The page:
To break this monotony, my sisters and I would go for walks with our mother, either exploring rock pools or go on bush walks. It was here that I discovered the wonders of the Australian bush. One regular spot we would visit was a magical place for me. The trees were so tall and closely compacted, that it allowed very little sunlight to filter through. Images of Hansel and Gretel or strange beasts lurking further amongst the shadows entered my mind. We would always stop at one particular place and turn back, yet I always wondered what lay beyond in the distance, where the darkness seemed to go on indefinitely. The atmosphere and the silence fueled my imagination and I was always disappointed to turn back towards civilisation.

On the drive back to our true home in suburban Sydney, we would pass acres of farmland, and I could never decide where I wanted to live; country, bush or beach. I have since lived in the bush of the Blue Mountains and currently reside in the country (my last home the beach?), but there has always been the certainty that being out with nature is my special place. As a writer I enjoy the silence, being alone with my thoughts and my muse. Over the years I have discovered that setting and sense of place is important to my stories. These days, whenever I need to feel inspired, I just have to walk out my back door.

Do you have a special place? Do you enjoy the outdoors; maybe even ‘roughing it’? If you’re a writer, what do you do to find your ‘muse’? What do you prefer – the bush, the beach or the country?

Image by Debbie Johansson

Postcards from Australia · Research

The Three Sisters & Their Legend.

The setting for some of my stories is based within the Blue Mountains, a National Park, west of Sydney.  I lived there for a number of years with my young family before moving to our current location in the country.  The Australian bush is vast and home to many mysteries, making it an ideal setting for stories.

The Three Sisters are a favourite tourist destination within the Blue Mountains, a unique rock formation, at Echo Point, Katoomba.  People have been known to climb them, but due to their cultural significance to Aborigines, some restrictions have taken place.  Women would give birth in a cave near Echo Point while men would watch the third sister for a sign that the birth had occurred.  It is believed that this third sister is sacred.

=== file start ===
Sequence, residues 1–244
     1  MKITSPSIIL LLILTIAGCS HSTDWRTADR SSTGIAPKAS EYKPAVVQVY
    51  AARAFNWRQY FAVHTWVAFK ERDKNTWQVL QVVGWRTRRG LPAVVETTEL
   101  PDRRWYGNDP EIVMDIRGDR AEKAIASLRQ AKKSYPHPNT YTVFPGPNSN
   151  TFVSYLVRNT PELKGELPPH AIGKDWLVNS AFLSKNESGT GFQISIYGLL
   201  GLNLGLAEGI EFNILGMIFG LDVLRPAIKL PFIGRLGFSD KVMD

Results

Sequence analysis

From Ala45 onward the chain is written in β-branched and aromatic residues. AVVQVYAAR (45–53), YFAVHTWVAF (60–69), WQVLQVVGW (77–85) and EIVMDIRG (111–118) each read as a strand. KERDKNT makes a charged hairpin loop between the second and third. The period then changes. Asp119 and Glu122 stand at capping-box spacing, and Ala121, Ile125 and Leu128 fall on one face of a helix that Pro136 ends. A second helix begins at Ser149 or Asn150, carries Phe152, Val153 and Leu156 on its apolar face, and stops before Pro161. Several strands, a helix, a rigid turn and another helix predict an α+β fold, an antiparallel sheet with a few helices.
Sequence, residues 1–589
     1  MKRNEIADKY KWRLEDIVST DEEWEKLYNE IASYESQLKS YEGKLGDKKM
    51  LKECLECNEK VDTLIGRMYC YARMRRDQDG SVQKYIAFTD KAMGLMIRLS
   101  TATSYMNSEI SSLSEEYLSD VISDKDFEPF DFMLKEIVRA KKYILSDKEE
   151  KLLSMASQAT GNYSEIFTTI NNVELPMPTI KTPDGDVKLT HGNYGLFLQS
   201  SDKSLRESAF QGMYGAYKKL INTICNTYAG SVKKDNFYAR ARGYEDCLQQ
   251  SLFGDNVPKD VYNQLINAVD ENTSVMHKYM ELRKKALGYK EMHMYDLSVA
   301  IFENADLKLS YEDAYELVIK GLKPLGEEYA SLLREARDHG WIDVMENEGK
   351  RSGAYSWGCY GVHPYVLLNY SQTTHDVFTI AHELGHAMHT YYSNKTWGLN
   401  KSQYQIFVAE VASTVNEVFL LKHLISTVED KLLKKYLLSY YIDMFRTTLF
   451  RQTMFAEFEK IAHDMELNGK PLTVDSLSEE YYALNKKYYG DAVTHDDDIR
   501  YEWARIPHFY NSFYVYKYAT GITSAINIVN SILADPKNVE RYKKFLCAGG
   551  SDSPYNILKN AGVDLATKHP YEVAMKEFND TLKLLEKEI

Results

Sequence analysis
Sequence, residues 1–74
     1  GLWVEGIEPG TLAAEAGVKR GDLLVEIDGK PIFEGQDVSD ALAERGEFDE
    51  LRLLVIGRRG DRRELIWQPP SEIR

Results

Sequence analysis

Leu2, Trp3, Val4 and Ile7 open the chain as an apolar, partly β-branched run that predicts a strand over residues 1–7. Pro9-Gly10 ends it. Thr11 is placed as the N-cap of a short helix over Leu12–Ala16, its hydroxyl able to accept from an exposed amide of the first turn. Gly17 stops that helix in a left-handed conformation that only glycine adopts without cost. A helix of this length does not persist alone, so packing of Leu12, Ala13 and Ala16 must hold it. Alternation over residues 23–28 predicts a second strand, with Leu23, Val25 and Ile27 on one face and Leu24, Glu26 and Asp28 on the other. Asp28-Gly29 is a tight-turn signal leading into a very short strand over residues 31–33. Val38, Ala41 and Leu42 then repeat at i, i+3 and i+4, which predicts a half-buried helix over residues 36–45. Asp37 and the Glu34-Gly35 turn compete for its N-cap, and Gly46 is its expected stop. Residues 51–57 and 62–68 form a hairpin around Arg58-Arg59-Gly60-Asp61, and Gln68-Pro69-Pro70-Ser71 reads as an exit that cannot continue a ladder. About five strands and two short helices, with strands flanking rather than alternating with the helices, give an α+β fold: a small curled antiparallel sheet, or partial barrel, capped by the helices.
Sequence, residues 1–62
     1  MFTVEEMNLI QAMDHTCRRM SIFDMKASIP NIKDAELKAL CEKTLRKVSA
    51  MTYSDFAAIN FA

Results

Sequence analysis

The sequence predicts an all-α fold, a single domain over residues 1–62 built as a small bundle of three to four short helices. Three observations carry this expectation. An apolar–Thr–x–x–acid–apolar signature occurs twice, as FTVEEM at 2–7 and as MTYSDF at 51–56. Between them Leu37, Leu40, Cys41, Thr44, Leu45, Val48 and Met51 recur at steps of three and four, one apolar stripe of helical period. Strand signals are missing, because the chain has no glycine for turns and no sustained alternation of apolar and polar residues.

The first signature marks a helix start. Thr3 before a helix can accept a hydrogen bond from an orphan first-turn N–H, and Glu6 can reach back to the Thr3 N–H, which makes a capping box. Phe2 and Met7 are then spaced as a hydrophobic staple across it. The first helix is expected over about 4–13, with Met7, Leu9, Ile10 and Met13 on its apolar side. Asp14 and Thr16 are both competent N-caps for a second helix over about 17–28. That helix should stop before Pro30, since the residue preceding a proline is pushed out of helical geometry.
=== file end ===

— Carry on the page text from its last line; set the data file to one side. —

When I was a child, I loved reading the story of The Three Sisters.  My copy was a Little Golden Book, which I still have to this day.  This week, I thought I’d share with you this legend.  It is a story of family, love, loss, magic and monsters.

Once, a wise medicine man named Tyawan, was good at imitating the lyre bird and it was rumoured that he could change himself into one if he wanted by using his magic shin-bone.  He had three daughters, named Meenhi, Wimlah and Gunnedoo.

One day as he left the girls alone while he hunted, a rock fell over a cliff, waking a bunyip from his 100 year sleep.   Seeing the girls, the bunyip went after them.  Tyawan arrived back in time to point his magic shin-bone at the girls and turned them into stone.  The bunyip chased Tyawan, who turned himself into a lyre-bird, but in his efforts to get away, his magic shin-bone became lost.

The bunyip returned to his cave, but to this day, Tyawan continues to search for his magic shin-bone to turn himself and his three daughters into human form once again.

What was your favourite book to read when you were a child? Do you have a favourite legend? Have you ever visited a place that you only ever read about?

Image of the Three Sisters, Katoomba by Debbie Johansson